What is a Last Will and Testament


A Georgia Last Will and Testament, when prepared and executed properly by a person who is an adult of sound mind with legal responsibility for his- or herself, is a formal document that specifies how their assets or estate will be managed and distributed after their death. The person who dies is formally referred to as the decedent. If the decedent has minor children, the Last Will and Testament may also be used to designate who they want to care for their children and who they wish to handle their children’s inheritance/finances until each child comes of age (usually 18, but you can designate a different age) to handle their finances on their own.

In a Last Will and Testament, the decedent usually also names a personal representative—or co-personal representatives (two or more persons acting together in this capacity)—to manage the matters of the estate. The personal representative is the person who gathers all of the information about the decedent’s debts and assets, pays outstanding debts using the assets on behalf of the estate, and ensures that the decedent’s property is distributed as specified in the Will, so this is a job with a lot of responsibility, and the personal representative selected is usually someone the decedent really trusts to follow through on the details and with his or her wishes.

If a person dies without having a valid Last Will and Testament (which usually—in most states—means it must be properly witnessed, as well—not just signed), someone will usually be appointed by the court to be the personal representative and will pay the decedent’s debts, liquidizing assets as necessary to do so. Then the remaining assets will be distributed among the decedent’s heirs according to the laws of the state the decedent lived in.

In some states, if one spouse dies leaving behind a husband or wife, that living spouse will inherit all of the decedent’s property in the absence of a Last Will and Testament stating to the contrary. In other cases, the decedent may have specified a particular beneficiary to inherit a life insurance policy, retirement account, or other asset, and that beneficiary designation will dictate who receives those assets in the absence of a Georgia Last Will and Testament.

The important thing to note is that anyone who wishes to designate how their assets will be distributed after their death should prepare and properly execute a Last Will and Testament to ensure their wishes are known and honored. If they don’t, they may be leaving it up to chance, the laws of the state in which they reside at the time of their death, or a court of law as to how their final affairs will be settled.  Georgia free information on last will and testament forms.

Legal Requirements for Last Will in Georgia

The Last Will and Testament is a type of record that is indeed useful for each person on the Earth. The document is imposed to state the distribution of the personal assets of the deceased person, and the main aim of the document is to clarify and claim the last will of oneself. The assets are generally distributed to beloved ones: members of the family, friends and they are referred to as Beneficiaries. In case the document is not written out, the state has the authority to determine the future destiny of all personal assets.

Moreover, in case a deceased one has not written their last will, the beneficiaries would have no ability to dispute over the decision of the court about the estate. Not to mention, the verbally expressed wishes would not be considered as well. That is why it is crucial to know the requirements of the Last Will Form.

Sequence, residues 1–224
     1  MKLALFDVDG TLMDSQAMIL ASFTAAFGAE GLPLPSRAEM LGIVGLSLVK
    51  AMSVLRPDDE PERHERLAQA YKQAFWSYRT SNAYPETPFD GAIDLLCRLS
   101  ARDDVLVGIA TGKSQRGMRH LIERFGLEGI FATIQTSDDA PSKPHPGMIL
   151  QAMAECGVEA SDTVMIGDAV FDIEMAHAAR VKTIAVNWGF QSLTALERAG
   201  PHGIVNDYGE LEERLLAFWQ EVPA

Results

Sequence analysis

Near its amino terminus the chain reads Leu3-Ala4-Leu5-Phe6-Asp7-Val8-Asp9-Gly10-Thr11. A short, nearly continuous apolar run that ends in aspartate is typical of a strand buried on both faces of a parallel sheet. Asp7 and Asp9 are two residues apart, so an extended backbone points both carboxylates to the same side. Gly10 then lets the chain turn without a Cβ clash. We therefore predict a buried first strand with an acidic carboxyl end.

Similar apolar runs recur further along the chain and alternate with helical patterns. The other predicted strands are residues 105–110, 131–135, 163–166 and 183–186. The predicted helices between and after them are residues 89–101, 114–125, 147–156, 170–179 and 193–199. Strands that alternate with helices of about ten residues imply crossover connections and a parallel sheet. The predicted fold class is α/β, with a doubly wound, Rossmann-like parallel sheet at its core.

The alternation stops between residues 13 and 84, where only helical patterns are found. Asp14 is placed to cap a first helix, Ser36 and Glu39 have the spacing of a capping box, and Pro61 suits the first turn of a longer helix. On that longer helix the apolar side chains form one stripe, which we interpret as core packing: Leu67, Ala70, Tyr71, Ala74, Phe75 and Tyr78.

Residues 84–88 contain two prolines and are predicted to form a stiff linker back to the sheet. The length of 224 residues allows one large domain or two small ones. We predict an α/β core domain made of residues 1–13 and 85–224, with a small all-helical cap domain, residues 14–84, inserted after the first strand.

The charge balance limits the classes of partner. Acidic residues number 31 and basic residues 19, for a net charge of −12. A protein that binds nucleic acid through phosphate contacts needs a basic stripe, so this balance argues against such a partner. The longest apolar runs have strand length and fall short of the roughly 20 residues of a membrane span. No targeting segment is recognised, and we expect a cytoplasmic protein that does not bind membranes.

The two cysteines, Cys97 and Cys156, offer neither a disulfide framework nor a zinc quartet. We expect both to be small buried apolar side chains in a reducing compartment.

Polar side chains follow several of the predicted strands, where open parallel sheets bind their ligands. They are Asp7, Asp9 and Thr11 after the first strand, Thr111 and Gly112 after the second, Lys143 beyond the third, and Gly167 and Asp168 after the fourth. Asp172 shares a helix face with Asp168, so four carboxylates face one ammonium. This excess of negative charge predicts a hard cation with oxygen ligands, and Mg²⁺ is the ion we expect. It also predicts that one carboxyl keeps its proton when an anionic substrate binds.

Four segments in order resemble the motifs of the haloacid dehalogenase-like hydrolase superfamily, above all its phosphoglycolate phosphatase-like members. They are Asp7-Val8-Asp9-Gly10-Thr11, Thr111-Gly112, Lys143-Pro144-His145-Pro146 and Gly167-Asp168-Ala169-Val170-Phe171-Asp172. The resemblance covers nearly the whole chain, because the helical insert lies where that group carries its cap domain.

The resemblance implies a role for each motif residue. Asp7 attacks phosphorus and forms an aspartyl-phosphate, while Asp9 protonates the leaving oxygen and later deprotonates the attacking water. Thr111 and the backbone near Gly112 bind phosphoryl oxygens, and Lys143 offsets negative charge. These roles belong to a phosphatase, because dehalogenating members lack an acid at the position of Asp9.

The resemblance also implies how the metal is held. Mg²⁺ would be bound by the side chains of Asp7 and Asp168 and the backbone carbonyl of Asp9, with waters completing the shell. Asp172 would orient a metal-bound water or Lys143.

Sometimes people mix up the Last Will with Living Will, and the documents are of different types; therefore, the requirements for each form differ as well. It is crucial to review the documents and requirements carefully before starting to complete the Last Will.

The requirements might differ from state to state, but there are also general instructions for each state of the United States. The requirements are as per the following:

  • The record should be typed or printed, and it should not be hand-written;

  • The record should be signed by the person who made the Will. Such a person is called Testator or Testatrix;

  • The document must be signed by two witnesses. The witnesses must observe the will-making process of the Testator or Testatrix and observe each other’s signature making.

The state-specific requirements for Georgia should be acknowledged and revised:

  • In the state of Georgia, the laws regarding the Last Will and Testament can be found in Code of Georgia; Title 53 Wills, Trusts, and Administration of Estates; Chapter 4 Wills; Article 2 Testamentary Capacity, Section 10; and, Article 3 Execution and Attestation, Sections 20 & 22;

  • According to Georgia Code § 53-4-10, anybody who has been condemned of a crime must have the ability to make a Last Will Record;

  • The record can be written by anybody who had reached the age of fourteen and who has not been proclaimed incompetent in a prior legal proceeding. The person should be in ‘sound mind’;

  • As stated in Section 53-4-20, in case the person who is writing a will cannot physically sign the document, some other party might do it (directed by the testator);

  • The document should be notarially verified. According to the law of Georgia, a Will that meets specific requirements is called ‘self proven. The Will that is self-proven may be admitted to probate court without the Witnesses' observation. To make such a ‘self-proved’ Will in Georgia, the Testator or Testatrix and Witnesses should sign a ‘self-proving affidavit.’ This implies that affidavit completion is similar to making a statement in court.



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